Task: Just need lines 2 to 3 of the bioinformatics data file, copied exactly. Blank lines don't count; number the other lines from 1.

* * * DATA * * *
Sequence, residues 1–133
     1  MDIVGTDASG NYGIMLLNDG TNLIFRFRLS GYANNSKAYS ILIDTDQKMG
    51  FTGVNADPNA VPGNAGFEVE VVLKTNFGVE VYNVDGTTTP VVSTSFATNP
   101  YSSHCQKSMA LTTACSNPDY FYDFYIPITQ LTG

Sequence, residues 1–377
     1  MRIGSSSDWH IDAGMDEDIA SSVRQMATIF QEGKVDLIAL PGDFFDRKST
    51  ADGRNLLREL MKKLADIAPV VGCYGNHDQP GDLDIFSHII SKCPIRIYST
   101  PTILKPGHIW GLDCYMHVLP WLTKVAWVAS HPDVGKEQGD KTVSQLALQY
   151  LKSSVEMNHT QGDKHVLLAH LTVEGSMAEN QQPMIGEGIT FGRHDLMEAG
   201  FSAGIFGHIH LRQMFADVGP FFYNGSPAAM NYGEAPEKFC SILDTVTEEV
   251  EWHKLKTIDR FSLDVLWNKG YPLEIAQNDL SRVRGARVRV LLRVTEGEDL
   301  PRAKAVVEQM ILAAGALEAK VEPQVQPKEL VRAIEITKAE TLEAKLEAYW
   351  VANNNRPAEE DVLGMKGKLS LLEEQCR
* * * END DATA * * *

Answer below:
     1  MDIVGTDASG NYGIMLLNDG TNLIFRFRLS GYANNSKAYS ILIDTDQKMG
    51  FTGVNADPNA VPGNAGFEVE VVLKTNFGVE VYNVDGTTTP VVSTSFATNP